Controlling an Invasive aquatic plant for improved biodiversity and livelihood on the Lukanga swamp IBA.

weed

Project Background

The Lukanga Swamp, located 55kms from Kabwe town in central Zambia is recognised as a Ramsar site as well as an Important Bird and Biodiversity Area (IBA) covering approximately 3300 km². It hosts over 350 residents and migratory bird species including some globally threatened species e.g. the Wattled Crane (Bugeranus carunculatus). In addition to avian species this site also holds a good population of semi-aquatic antelopes such as Sitatunga (Tragelaphus spekei), Oribi (Ourebia ourebi) and a few Red Lechwe (Kobus leche leche). Reptiles such as the Nile crocodile (Crocodilus niloticus), Rock Python (Python sebae) and Monitor Lizard (Varanus sp.) are also common in isolated portions of the swamp. The Swamp is highly important for the fishing local community, with its small islands, and the surrounding mainland, hosting approximately 22500 fishing community whose livelihoods are supported by fishing from the swamp. This swamp supports about 20% of Zambia’s fish.

Unfortunately, since 2009 the swamp has been infested by the invasive Kariba weed (Salvinia molesta) which currently covers about 2000 km² (>60% surface area) of the swamp. Since then, records from the Department of Fisheries, local councils and interviews with local resident fishermen have indicated reduced catch per effort (from ca. 35kg/hr to >20kg/hr) and most of the fish has moved further into the swamps, in areas not infested by the Kariba weed. This has led fishermen to use more gear and in some cases use incorrect fishing gear such as Mosquito nets and poisons to catch more fish. The weed forms a mat on water, reducing both sunlight and oxygen underneath which ultimately may lead to death of fish.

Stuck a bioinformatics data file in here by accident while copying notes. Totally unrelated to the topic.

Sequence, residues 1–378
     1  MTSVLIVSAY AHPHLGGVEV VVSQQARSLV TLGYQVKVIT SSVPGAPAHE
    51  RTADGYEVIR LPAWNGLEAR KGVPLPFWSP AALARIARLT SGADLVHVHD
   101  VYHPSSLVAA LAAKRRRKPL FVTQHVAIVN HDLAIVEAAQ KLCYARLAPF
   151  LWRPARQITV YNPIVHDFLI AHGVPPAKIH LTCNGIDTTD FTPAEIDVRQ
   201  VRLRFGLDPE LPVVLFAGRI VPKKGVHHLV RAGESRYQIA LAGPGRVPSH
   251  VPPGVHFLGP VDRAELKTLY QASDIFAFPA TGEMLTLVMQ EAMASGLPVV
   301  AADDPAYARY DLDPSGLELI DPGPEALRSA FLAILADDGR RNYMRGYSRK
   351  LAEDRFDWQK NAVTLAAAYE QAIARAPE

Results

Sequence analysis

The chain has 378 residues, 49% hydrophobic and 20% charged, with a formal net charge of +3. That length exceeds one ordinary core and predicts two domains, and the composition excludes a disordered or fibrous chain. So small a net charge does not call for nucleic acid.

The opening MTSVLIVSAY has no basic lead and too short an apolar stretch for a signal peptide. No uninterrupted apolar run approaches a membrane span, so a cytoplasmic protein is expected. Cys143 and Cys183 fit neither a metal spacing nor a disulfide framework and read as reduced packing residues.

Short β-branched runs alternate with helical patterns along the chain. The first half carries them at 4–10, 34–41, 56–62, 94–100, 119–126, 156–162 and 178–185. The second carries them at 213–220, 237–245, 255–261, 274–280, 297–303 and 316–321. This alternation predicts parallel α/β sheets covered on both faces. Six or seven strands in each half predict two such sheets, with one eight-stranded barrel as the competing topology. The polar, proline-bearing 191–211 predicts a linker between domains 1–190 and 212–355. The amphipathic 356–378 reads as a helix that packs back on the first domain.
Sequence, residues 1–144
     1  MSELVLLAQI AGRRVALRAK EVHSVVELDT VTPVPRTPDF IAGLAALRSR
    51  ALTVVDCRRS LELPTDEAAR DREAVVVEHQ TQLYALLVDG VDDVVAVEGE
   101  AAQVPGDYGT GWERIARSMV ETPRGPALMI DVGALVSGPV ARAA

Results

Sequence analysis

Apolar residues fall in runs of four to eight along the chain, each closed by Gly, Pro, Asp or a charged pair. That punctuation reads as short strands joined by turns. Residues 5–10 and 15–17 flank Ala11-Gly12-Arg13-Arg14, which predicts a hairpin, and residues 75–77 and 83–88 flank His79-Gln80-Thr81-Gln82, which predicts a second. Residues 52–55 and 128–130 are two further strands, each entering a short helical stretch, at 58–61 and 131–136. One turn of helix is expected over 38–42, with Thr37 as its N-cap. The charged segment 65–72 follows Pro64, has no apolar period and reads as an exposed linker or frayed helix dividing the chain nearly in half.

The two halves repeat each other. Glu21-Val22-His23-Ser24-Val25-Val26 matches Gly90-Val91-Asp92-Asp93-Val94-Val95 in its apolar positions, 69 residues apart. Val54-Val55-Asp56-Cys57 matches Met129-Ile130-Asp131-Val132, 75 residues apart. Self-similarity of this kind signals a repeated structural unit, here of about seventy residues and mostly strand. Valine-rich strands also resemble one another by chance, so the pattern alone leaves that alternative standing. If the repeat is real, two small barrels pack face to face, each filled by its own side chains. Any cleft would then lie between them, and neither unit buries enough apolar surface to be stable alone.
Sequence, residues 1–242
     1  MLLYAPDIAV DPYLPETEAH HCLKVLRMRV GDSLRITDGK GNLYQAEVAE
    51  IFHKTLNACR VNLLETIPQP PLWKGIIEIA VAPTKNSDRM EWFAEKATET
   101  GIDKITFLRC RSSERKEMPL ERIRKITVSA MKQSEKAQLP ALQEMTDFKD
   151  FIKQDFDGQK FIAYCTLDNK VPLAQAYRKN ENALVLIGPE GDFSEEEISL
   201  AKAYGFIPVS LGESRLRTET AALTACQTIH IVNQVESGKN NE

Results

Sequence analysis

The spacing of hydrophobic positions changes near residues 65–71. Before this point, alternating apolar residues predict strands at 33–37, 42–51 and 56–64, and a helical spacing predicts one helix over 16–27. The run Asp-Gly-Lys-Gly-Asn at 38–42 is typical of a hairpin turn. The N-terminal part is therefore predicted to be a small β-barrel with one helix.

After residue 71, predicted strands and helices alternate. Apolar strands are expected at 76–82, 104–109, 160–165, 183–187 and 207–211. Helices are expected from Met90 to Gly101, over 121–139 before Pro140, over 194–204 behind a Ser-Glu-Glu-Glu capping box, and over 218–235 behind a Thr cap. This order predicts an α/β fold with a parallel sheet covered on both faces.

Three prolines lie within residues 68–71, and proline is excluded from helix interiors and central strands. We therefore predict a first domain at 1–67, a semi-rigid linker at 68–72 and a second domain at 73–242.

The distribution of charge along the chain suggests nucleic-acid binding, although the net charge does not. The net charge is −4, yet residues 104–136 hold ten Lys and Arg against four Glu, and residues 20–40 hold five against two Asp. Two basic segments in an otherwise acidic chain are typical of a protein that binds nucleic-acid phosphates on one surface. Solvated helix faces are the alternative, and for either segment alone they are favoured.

Darwin Project Past EffortsDarwinProject

BirdWatch Zambia (BWZ) in 2013, attempted a manual control of the Salvinia molesta where the community members were involved by using hands and rakes to remove the weed from the swamp. This method proved futile as the weed was difficult to clear due to extent of spread and water depth. Therefore, the spores from the weed that was successfully removed from the swamp to the shores sprouted, dispersed and re-germinated in the swamp making the manual control unsuccessful.

Current Interventions

BirdWatch Zambia’s Salvinia molesta biocontrol project in the Lukanga swamps IBA is funded by the UK Government’s Darwin Initiative through BirdLife International.